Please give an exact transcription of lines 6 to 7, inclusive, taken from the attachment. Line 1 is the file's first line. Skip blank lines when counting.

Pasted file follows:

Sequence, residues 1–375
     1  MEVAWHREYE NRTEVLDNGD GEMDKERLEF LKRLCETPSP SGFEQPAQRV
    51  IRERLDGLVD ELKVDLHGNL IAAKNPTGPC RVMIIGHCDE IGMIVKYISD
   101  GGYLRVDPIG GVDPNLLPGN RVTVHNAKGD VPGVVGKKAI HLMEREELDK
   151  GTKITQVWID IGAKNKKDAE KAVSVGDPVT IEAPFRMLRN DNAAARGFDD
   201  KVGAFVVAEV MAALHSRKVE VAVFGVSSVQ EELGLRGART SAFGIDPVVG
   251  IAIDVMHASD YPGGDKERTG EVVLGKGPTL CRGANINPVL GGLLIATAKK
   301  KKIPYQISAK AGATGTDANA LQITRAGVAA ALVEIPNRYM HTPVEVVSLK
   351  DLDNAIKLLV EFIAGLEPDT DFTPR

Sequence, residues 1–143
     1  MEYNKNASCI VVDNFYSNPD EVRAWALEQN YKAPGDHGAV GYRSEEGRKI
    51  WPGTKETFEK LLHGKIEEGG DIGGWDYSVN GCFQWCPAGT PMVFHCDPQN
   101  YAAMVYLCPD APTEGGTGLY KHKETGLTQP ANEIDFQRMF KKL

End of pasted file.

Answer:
   201  KVGAFVVAEV MAALHSRKVE VAVFGVSSVQ EELGLRGART SAFGIDPVVG
   251  IAIDVMHASD YPGGDKERTG EVVLGKGPTL CRGANINPVL GGLLIATAKK